Last I checked, that does entitle me to park in the handicapped spaces.

  60. Ticonderoga says:

    Complain to the government at:

  61. nroberts says:

    I was flying out of Seattle on United back on Jan. 2nd, 2006. Chicago had just been hit by a MAJOR snow storm, so after I got to the check-in desk (after standing in line for 1.5 hours), I asked the guy behind the desk if the flight was still on time. He assured me that it was, then asked if I wanted to upgrade to Economy Plus seats for the legroom. (I’m 6’3.) I paid the $30 for it and booked through security to my gate, only to discover that the flight WAS delayed for 4 hours and that they had moved the majority of my flight to other flights in the past hour. As all of the other flights were full, I was one of 11 people on the original flight when it finally left Seattle 7.5 hours late. I bitched to the CS counter at my gate and wrote a letter to United in an effort to get my upgrade money back, but needless to say they never even so much as humored the idea.

    I’m never flying United again. SOBs can die in a fire.

  62. shdwsclan says:

    Yeah, go all the way with this.
    The supervisor was trying to cover his ass, but the right thing to do was to research the situation and if it needed upgrade them to the seats for free. There is no difference between coach and premium coach, the gasoline still costs the same, and the peanuts come in the same bags….

    Mail the CEO, then if the CEO fails to remedy this, report it, and dot fly UA.
    The supervisor and employees not only work for UA, but they represent them too, so don’t fly with them, if they hire employees that represent them so poorly.

    And, you can also chargeback that additional amount if you paid by credit card.

  63. aiken says:

    If my wife broke her leg, $50 would be the least of my concerns. Yeah, it would be nice if they airline upgraded her for free, but it wouldn’t even occur to me to haggle over a few dollars.

    The SD was a jerk, and that’s unfortunate. But he probably got that way from dealing with these kinds of “entitled” people day in, day out.

  64. banquisha says:

    My husband was on a small flight in which there were only about two rows of first class seats. Needless to say, all the first class seats were all occupied. My husband had told me that he saw a man being wheeled onto the plane, with a broken leg. They could barely fit his wheelchair through the aisle to his seat. Since my husband was sitting in the very first row, he got up right away and offered the man his seat in first class.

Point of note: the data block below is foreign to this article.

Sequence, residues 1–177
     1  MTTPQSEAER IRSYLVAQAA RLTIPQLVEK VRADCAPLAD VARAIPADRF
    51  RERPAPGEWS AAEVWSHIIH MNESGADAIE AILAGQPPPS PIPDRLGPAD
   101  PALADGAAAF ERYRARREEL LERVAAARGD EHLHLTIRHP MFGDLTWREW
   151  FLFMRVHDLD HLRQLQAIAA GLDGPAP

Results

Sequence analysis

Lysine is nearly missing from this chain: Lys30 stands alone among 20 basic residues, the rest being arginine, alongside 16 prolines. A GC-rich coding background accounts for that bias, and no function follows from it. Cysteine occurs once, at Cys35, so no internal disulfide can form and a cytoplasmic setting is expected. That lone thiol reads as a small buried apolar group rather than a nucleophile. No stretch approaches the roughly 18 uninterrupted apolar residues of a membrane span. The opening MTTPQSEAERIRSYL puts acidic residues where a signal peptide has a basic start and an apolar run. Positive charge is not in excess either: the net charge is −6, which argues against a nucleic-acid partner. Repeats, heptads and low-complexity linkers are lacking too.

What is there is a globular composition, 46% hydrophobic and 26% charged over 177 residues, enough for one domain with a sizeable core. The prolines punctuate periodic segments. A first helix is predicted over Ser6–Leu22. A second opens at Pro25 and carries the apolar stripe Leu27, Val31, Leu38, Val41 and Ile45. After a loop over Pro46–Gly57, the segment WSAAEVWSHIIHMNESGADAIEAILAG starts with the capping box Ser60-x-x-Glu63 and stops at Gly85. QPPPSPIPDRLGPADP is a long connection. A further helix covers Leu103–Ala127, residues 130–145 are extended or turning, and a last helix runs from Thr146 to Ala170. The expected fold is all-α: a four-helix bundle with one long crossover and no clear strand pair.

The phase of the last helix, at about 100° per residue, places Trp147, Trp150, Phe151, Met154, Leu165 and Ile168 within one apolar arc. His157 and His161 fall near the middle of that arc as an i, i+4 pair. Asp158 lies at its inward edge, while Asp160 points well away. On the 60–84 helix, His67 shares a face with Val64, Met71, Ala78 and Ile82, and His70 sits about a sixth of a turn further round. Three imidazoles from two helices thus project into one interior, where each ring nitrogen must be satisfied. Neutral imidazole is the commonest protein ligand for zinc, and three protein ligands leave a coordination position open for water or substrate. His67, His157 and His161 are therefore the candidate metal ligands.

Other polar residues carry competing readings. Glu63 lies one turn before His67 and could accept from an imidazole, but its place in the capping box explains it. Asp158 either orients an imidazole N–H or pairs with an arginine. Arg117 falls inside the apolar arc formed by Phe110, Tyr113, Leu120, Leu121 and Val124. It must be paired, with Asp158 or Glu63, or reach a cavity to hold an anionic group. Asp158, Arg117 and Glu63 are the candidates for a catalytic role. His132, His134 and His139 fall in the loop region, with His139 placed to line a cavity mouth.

No, the flight was not full. They could have put that man in the first seat, in first class and bumped another first class passenger off the flight to accomodate him. Should that man have felt entitled to the seat without paying for it? I don’t think so. Should my husband have felt obligated to give up his seat that he had purchased? I don’t think so either.
    @Buran: Did the airline not accomodate the passenger in the end? What would you have considered reasonable? A two class upgrade from coach to first class? An upgrade to business-lite would be nice too but, I guess you could sue if they even put you in business because there simply just isn’t enough space for my whole leg to stretch out there either.
    God forbid I’m blind one day… shall I too expect to be given a personal shouffer at no additional cost? Oh and, I have back and leg problems too so, please make sure that the shouffer comes in a comfortable and large Merceds S500. If these demands are not met, you are not accomodating to my needs.
    Your litigous attitude is absolutely ridiculous and that is another reason why most Europeans dislike Americans.

  65. quinner says:

    In America, we spell “shouffer” as “chauffeur”.

  66. Ben Popken says:

    Olivier writes:

    “I just wanted to let you know that I just broke my leg as well. After calling United many times they could offer me a new ticket in business class for a small fee of $3500. Because the plane is fully booked, which probably isn’t the case, they couldn’t do anything else for me. I think United should have more compassion wit people that had an accident. I wouldn’t mind paying a little more but to have to buy an extra ticket in economy or a whole new seat in business. It’s just a little harsh.”